2. Blood Mountain – My next adventure took me to another special place, the tallest peak in the Georgia section of the AT. There are a couple of different approaches to reach this summit, but guaranteed all of them will get your heart pumping. The ascent has some significant elevation gain. The reward is given back ten fold; as you climb, the views through the trees and all the way to the summit are frequent and get increasingly better. The mountain is teasing you along the way for what awaits you at the top. For such a popular trail, I was surprised that I had the summit to enjoy all by myself for my entire picnic lunch. This trail has a lot of diversity in vegetation. The trail begins in a moist, dark and earthy-smelling environment, where the canopy is topped with lush, almost tropical vegetation. The trail tops out on a rocky bald where the surrounding vegetation is wind-worn, and a variety of short shrubs and grasses dot the landscape. A very unique looking AT shelter at the top has my mind drifting again to my dreams of spending more than just a couple short hours on the AT. If you ARE short on time, try the 4.3 mile out and back from the Byron Reese Trailhead (see link). This trail has a ton of view-to-mileage payout, making it a winner in my books.
3. Tallulah Gorge – I felt like I was getting an 2-for-1 treat on this trip when I stumbled on the Tallulah Gorge. Mountains and gorges in the same day? This gorge is in an unsuspecting location but don’t underestimate it…it is utterly massive. With great trail options for all fitness levels, it’s a place where everyone can enjoy something. There are easy trails that skirt along the rim of the gorge, and trails (for those who need more challenge) that take you down to the gorge floor, which is an entirely different perspective and provides up-close views of some thundering waterfalls.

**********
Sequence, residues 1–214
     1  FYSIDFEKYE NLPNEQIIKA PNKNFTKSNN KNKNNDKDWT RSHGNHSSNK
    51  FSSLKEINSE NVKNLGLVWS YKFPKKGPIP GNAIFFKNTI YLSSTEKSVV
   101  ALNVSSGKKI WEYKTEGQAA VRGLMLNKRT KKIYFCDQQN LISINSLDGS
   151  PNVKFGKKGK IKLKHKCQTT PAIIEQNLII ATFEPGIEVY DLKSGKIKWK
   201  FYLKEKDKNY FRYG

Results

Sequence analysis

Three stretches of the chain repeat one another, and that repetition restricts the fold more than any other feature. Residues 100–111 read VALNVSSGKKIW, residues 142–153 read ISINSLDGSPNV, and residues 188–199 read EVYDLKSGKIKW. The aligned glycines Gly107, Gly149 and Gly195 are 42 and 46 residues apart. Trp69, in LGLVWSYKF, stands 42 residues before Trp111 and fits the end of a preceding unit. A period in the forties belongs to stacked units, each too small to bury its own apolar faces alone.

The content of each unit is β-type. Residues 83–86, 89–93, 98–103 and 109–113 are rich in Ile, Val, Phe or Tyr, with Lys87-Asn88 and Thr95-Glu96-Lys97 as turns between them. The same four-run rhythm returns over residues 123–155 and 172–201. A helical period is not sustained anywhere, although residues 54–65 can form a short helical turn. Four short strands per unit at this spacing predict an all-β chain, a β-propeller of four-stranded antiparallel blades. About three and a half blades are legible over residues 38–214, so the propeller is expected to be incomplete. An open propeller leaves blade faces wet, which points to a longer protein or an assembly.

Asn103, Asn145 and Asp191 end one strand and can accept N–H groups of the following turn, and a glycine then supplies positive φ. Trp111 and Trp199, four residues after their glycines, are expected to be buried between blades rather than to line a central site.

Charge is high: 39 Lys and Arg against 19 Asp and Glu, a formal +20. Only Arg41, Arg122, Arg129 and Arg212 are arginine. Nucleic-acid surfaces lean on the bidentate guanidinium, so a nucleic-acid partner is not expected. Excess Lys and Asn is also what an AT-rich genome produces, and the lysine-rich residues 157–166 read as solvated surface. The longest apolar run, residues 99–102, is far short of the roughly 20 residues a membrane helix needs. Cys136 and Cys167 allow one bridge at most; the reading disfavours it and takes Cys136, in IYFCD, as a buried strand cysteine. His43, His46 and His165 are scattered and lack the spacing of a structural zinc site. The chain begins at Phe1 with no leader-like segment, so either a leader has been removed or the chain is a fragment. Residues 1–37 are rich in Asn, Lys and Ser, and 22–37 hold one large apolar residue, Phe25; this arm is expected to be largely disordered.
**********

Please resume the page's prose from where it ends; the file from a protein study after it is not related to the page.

For a cardio-challenger packed into about 2 short miles, you can take in the top rim and bottom floor of the gorge by doing the Hurricane Falls Loop Trail. Just brace yourself for the climb back out. I stopped counting stairs after a few hundred. My legs and lungs were screaming but this trail is worth it. Since I was cramming as much as possible into one day, I reached Tallulah Gorge in the evening, when the late afternoon sun was casting its light into the deepest parts of the gorge. Stunning.
In talking with some fellow hikers I met on the trails (mostly locals), they all agreed I was hitting some of Georgia’s best that day, but they managed to fill my brain with several more hikes and trails that I should explore on my next visit. It was remarkable how accessible these places were, and not too far from the big city. These three trails just scratch the surface of a mass of trail systems outside of Atlanta. Hiker at Heart left a piece of history in the AT trail book atop Springer Mountain; I hope that someday I’m back there writing a whole different story.